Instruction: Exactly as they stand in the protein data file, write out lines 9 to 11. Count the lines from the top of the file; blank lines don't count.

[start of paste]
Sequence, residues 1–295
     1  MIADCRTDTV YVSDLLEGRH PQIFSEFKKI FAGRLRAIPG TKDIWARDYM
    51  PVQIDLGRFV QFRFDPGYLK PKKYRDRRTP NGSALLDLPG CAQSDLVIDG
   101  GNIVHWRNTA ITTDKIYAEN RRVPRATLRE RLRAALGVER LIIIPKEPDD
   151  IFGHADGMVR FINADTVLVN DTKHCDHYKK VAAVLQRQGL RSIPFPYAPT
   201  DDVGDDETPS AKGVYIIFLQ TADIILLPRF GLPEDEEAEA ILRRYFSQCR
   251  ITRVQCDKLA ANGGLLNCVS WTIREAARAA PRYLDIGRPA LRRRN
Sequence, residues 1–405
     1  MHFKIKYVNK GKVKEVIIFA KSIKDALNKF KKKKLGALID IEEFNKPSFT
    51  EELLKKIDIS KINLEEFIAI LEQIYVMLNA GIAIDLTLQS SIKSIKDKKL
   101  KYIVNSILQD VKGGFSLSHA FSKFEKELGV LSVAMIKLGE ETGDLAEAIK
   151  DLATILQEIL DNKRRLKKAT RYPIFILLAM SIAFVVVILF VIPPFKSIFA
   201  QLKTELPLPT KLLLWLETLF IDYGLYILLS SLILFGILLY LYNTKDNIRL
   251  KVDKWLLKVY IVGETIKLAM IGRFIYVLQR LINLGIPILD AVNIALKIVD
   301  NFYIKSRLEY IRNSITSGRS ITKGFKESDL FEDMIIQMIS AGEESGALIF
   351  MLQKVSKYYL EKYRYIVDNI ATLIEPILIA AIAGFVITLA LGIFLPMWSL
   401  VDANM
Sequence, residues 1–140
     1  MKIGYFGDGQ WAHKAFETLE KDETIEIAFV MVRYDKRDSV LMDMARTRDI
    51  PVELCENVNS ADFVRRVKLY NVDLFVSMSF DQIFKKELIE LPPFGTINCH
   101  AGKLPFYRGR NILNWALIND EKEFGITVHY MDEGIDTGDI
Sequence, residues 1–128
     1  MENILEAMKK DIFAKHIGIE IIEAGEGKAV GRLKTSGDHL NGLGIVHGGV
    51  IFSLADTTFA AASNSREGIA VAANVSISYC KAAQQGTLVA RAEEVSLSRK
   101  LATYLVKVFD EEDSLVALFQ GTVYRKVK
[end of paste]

     1  MHFKIKYVNK GKVKEVIIFA KSIKDALNKF KKKKLGALID IEEFNKPSFT
    51  EELLKKIDIS KINLEEFIAI LEQIYVMLNA GIAIDLTLQS SIKSIKDKKL
   101  KYIVNSILQD VKGGFSLSHA FSKFEKELGV LSVAMIKLGE ETGDLAEAIK